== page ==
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kissimmee- okeechobee- everglades watershed
Watersheds and Coastal WatersKissimmee- Okeechobee- Everglades Watershed
The Kissimmee- Okeechobee- Everglades watershed, an area of about 9,000 mi2, once extended as a single hydrologic unit from present-day Orlando to Florida Bay, about 250 mi to the south (fig. 17). In the northern half of the watershed, the Kissimmee River and other tributaries drained slowly through large areas of wetlands into Lake Okeechobee, a shallow water body of about 730 mi2. The lake periodically spilled water south into the Everglades (Davis, 1943; Parker, 1974), a vast wetland of about 4,500 mi2. Under high water-level conditions, water in the Everglades moved slowly to the south by sheetflow, thus forming the area known as the River of Grass. Water discharged from the Everglades into Florida Bay and the Gulf of Mexico, and under high-flow conditions, also into the Atlantic Ocean through small rivers or transverse glades in the Atlantic Coastal Ridge or as seepage and spring flow into Biscayne Bay.
The Everglades was a complex mosaic of wetland plant communities and landscapes with a central core of peatland that extended from Lake Okeechobee to mangrove forest that border Florida Bay (Davis and others, 1994). The peatland was covered by a swamp forest of custard apple (Annona glabra) and willow (Salix caroliniana) along the southern shore of Lake Okeechobee and by a vast plain of monotypic sawgrass (Cladium jamaicense) to the south and east of the swamp forest. Farther southeast, the sawgrass was broken by sloughs and small islands of brush. Tree islands and sloughs became increasingly numerous to the south where the vegetation formed a mosaic of sawgrass strands interwoven with lily-pad-covered sloughs, wet prairies, and tree islands in Shark River Slough (fig. 18). A similar mosaic of sawgrass, slough, wet prairie, and tree islands was on peatland in the northeastern Everglades in the Hillsborough Lake Slough. The peatland was bounded by peripheral wet prairies, southern marl marsh, and, cypress (Taxodium distichum) forest. The peripheral wet prairies were sand-bottomed wetlands of mixed grasses, sedges, and other macrophytes that intermingled with higher altitude pine flatwoods and extended as transverse glades through parts of the Atlantic Coastal Ridge. To the south, the peatland and prairie vegetation blended into marl and rock- bottomed marshes of herbaceous plants, short sawgrass, and bay head tree islands and tropical hammocks.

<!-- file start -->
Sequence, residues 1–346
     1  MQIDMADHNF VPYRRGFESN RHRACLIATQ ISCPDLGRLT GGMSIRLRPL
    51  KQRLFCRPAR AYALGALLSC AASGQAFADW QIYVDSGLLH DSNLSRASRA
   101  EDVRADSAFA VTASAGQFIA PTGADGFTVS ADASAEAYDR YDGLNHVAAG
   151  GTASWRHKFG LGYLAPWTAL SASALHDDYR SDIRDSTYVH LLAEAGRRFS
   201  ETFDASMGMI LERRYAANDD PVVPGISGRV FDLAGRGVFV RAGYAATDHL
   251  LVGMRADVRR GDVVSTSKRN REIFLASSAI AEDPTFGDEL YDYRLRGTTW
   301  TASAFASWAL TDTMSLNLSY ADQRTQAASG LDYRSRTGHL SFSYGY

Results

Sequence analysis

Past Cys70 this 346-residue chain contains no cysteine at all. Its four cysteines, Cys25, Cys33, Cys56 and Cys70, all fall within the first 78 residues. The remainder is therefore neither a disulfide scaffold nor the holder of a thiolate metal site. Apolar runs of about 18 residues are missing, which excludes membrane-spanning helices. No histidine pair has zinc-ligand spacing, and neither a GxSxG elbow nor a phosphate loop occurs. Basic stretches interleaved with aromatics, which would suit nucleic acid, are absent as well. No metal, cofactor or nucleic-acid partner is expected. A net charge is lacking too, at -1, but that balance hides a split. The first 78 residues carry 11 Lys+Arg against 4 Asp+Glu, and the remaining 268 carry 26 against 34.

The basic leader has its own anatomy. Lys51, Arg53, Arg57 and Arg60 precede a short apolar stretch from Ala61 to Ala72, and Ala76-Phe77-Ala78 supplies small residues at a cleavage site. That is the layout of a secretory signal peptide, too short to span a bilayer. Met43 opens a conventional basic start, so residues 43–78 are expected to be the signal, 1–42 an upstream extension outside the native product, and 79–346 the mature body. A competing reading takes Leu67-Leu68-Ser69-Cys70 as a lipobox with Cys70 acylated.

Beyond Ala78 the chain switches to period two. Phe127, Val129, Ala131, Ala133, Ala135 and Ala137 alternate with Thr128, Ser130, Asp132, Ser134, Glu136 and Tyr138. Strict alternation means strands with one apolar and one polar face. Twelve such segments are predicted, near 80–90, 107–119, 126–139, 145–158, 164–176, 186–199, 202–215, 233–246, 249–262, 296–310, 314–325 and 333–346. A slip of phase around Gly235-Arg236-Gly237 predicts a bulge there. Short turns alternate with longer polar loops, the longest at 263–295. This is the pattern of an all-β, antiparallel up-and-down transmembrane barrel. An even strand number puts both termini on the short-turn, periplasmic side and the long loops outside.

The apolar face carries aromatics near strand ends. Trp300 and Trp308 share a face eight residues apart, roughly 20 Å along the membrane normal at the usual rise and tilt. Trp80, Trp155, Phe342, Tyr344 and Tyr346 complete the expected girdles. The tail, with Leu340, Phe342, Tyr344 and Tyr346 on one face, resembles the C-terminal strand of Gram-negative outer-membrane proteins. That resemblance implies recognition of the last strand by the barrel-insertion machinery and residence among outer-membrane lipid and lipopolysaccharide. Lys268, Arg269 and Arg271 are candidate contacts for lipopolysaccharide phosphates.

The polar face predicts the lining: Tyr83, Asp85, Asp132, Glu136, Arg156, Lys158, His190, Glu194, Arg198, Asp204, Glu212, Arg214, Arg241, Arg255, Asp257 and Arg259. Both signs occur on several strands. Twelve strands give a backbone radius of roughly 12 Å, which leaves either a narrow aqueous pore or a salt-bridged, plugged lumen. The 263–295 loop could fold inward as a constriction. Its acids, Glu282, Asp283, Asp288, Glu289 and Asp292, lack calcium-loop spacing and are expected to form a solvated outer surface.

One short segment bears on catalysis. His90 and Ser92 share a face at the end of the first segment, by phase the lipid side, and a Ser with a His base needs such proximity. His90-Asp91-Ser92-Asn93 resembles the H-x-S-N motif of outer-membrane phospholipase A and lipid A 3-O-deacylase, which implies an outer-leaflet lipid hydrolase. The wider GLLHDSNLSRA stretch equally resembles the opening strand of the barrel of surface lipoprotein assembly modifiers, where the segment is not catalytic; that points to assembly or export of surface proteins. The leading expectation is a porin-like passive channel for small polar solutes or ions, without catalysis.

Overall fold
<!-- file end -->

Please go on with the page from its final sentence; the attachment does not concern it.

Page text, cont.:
Water levels and flows in the Everglades fluctuated seasonally in response to rainfall and runoff. Much of the land was inundated during the year, and during heavy rains, all but the highest tree islands were flooded. During flood periods, water moved with enough force to cause tree islands to develop an alignment pattern that was parallel to the lines of surface-water flow (Parker, 1974). During the dry season, water levels generally were close to the land surface, but extreme droughts during some years lowered water levels substantially below the land surface, and severe fires swept over the land, burning vegetation and peat (Craighead, 1971).
Animal populations in the Everglades have adapted to and are dependent upon the seasonal hydrologic fluctuations (McPherson and others, 1976). Fishes and macroinvertebrates, which form the central link in the food chain, require flooded conditions for their growth and survival. As water levels decline during the dry season, fishes and other aquatic animals concentrate in deeper parts of the marsh and sloughs where they become prey for several groups of predators, especially wading birds (fig. 19) whose nesting season is especially timed to coincide with the high availability of food in the remaining pond water (Kushlan, 1991). The animal populations in the adjacent tidal waters also are dependent upon the seasonal flows of freshwater that create the salinity conditions that support productive estuarine and marine fish populations (Lindall, 1973).
The Everglades has been dynamic during the approximately 5,500 years of its existence (Davis and others, 1994). Numerous shifts have occurred between marl- and peat-forming marshes and between sawgrass marshes and water-lily sloughs (Gleason and Stone, 1994). Fire, climate, sea level, topography, hydroperiods, alligator activity, and recently, man, have had long-term effects on the vegetation (Craighead, 1971; Parker, 1974; Gunderson and Snyder, 1994).
U.S. Department of the Interior, U.S. Geological Survey
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Last updated: 15 January, 2013 @ 12:43 PM(KP)